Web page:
When the crust dough is sufficiently chilled, mix up the pie ingredients:

Peel and slice THINLY – enough Granny Smith Apples to measure 6 cups

Sprinkle with approximately 1 TBS lemon juice.

Toss the apples and lemon juice so that the apples are well coated.  This helps prevent ugly oxidation of the apples and adds a bright taste.

In another bowl mix together:

3/4 Cup brown sugar
2 TBS all-purpose flour
1 Tsp ground cinnamon
1/4 tsp ground allspice

Have ready 2 TBS Butter

Preheat oven to 425 degrees.  Divide the dough into two portions.  Roll out into a rough circle and line a glass pie pan with one of the dough circles.  Mix the apples and the sugar mixture together and pile it in the pie pan, mounding gently in the center.  Break the butter into small chunks and dot it all over the top of the apples.  Use more if you wish.  The more the merrier!  Top the apples with the second dough circle and use your favorite crimping method to finish the edge.  Bake for approximately 45 minutes, or until the crust is nicely browned.    You’ll have the best apple pie you ever tasted.  Promise!

Just a note or two…I pretty much gave up measuring by volume years ago.  For accuracy and repeatability, there’s no other way to go than measuring in grams.  Kitchen scales are really affordable and make a huge difference in the outcome, once you convert.  The biggest secret to the flaky pie crust, I believe, is the technique.  So, if you don’t have a scale and don’t want to get one, just use your favorite crust recipe and mix it according the the directions here.  It’s revolutionary.  And makes a world of difference.

I feel that I have never cut my apples thin enough in the past.  These were sliced between 1/8″ and 1/4″ thick, leaning toward thinner rather than thicker.  I haven’t run into a too-crispy apple yet.  And, speaking of apples, I’m convinced Granny Smith is the only way to go for apple pie.  So tart, firm and tasty, they’re inexpensive and available everywhere.  What’s not to love?

Try this pie.  I’ll bet you’ll love it, too!

Alabama Quickie

September 10, 2015

love bugs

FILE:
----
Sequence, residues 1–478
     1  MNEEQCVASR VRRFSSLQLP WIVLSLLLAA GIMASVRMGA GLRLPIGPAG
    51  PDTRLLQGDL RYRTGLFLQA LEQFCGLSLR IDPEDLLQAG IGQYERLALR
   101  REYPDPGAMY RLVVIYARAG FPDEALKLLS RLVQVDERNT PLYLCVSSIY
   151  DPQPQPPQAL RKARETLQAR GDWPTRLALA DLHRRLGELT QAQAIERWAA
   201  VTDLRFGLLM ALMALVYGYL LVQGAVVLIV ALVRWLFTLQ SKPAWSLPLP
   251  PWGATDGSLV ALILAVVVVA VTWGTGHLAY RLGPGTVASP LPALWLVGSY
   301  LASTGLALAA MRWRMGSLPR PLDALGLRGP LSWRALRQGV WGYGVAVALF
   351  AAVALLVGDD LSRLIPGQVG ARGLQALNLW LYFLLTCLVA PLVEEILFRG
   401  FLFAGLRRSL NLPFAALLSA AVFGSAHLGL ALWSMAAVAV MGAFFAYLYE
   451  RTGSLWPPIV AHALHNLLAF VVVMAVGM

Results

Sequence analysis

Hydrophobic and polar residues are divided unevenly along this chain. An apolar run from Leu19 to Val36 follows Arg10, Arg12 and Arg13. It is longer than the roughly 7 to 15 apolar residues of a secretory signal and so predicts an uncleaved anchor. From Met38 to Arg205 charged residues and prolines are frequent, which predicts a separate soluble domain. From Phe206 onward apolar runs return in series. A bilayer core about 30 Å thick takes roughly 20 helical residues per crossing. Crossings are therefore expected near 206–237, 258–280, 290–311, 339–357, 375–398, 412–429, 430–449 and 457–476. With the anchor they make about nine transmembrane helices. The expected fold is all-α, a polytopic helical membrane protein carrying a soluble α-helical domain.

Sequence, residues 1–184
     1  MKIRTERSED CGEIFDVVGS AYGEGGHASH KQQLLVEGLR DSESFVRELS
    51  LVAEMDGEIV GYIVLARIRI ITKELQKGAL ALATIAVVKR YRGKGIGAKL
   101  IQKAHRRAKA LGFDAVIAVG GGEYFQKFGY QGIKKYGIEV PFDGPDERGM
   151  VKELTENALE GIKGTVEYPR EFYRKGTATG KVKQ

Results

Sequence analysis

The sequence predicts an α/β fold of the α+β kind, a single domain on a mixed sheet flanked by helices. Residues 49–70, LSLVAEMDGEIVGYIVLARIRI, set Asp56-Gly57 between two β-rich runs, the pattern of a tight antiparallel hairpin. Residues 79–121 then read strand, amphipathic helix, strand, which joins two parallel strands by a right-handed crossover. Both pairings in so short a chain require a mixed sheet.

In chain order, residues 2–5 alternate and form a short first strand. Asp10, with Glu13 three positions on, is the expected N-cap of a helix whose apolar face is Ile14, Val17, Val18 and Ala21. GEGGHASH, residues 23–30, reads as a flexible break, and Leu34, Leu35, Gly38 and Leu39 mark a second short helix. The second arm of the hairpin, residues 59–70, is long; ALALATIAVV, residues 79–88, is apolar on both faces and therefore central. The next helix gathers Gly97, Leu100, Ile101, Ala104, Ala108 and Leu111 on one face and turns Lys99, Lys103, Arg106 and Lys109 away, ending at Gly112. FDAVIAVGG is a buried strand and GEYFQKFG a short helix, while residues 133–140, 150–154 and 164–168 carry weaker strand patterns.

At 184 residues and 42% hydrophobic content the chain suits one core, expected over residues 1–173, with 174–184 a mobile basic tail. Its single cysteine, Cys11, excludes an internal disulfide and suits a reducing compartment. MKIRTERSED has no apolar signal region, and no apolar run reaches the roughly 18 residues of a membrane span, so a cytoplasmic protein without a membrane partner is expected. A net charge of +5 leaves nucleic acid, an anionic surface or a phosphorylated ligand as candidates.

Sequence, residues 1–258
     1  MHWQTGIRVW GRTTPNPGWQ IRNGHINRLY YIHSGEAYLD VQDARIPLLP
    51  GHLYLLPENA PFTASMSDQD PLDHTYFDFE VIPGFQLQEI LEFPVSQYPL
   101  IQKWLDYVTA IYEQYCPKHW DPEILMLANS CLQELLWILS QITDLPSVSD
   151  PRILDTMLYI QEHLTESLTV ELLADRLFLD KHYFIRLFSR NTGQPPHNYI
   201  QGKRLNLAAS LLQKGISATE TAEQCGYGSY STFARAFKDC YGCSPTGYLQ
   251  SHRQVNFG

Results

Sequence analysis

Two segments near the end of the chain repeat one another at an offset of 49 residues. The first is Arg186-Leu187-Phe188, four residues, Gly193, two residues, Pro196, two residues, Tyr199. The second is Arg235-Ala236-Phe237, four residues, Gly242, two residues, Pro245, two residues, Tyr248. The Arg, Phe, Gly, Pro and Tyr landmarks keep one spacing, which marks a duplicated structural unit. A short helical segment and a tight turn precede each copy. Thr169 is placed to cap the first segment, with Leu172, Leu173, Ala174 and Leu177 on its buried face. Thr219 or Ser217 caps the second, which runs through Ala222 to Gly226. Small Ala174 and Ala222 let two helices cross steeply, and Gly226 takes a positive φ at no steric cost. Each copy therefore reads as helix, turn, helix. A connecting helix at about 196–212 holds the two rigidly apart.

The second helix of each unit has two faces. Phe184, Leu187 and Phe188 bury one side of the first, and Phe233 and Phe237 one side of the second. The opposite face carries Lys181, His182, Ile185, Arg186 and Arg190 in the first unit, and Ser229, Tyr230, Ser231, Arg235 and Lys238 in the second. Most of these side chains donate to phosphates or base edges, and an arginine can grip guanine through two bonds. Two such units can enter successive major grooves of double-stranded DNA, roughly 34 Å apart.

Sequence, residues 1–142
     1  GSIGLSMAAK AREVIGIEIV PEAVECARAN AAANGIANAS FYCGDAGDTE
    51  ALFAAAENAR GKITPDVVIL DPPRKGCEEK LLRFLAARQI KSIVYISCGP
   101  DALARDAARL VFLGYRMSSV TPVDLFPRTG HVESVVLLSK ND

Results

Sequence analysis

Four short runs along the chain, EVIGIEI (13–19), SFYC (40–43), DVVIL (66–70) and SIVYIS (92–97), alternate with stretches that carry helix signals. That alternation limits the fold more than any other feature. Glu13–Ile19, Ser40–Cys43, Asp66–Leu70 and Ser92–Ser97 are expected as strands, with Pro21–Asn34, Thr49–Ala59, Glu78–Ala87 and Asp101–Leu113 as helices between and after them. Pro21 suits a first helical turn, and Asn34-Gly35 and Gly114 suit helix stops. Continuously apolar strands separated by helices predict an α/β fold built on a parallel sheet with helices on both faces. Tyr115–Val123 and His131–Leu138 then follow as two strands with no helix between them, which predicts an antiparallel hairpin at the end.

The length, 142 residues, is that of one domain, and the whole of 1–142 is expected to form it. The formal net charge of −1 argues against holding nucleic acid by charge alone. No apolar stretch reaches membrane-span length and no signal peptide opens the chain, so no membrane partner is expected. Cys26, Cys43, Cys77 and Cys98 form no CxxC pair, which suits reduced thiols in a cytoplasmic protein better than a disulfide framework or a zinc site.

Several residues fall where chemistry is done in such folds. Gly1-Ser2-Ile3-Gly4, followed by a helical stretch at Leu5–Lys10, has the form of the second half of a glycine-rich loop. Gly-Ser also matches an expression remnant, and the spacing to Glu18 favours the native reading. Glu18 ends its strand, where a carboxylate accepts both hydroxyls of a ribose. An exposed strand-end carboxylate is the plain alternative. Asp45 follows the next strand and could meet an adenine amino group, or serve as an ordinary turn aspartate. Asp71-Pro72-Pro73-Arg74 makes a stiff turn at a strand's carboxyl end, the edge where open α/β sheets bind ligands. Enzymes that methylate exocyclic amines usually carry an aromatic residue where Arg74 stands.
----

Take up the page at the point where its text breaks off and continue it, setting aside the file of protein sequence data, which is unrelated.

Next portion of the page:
We made a quick trip down to Fairhope, Alabama to visit my husband’s brother and our coastal extended family.  We had a lovely time.  The weather was terrific (as long as humidity isn’t part of the discussion), we got lots of visiting in, saw some sights and ate lots of good food.  We were joined at one of our meals by these “love bugs.”  We were pretty close to the Florida border at that point.  I have some vivid memories of driving through bazillions of these things back in the day when I was a Floridian.  I could have gone the rest of my life without being reminded of them.  We let them continue their amorous activities.  Because we’re nice.

Our lunch took place at Lulu’s, a riverside establishment owned by Jimmy Buffet’s sister.  Lunch was good – the best gumbo of the trip – and the view was pleasant.

lulus

I have sort of gotten over my lust for other people’s boats, thank goodness.  I did say, “sort of.”  Somehow, I always end up at the marina.

marina at lulus

We went over to Orange Beach (I think) and walked out on the fishing pier.  I have so many photos of my husband gazing out over a watery horizon.  He loves it so!  I kinda like it, too.

jack on fishing pier

orange beach

There weren’t nearly as many people on the beach as I expected.  It was actually quite nice.  I wonder if they would have been in the water, had they seen the dozen or more sharks we saw while walking out on the pier (from which this photo was taken).

The next morning we drove out to the Grand Hotel in Fairhope and got a little classic Spanish Moss exposure.  I was warned not to touch the stuff.  Apparently, it’s chock full of chiggers!

spanish moss

brothers

The “boys” found a little time to chat, and I found a little time to take a few photos, most of which were pretty ordinary.  I got one palm tree shot that I’ve run through some painting apps and will turn into framed art.  Soon, I hope.  I like it a lot.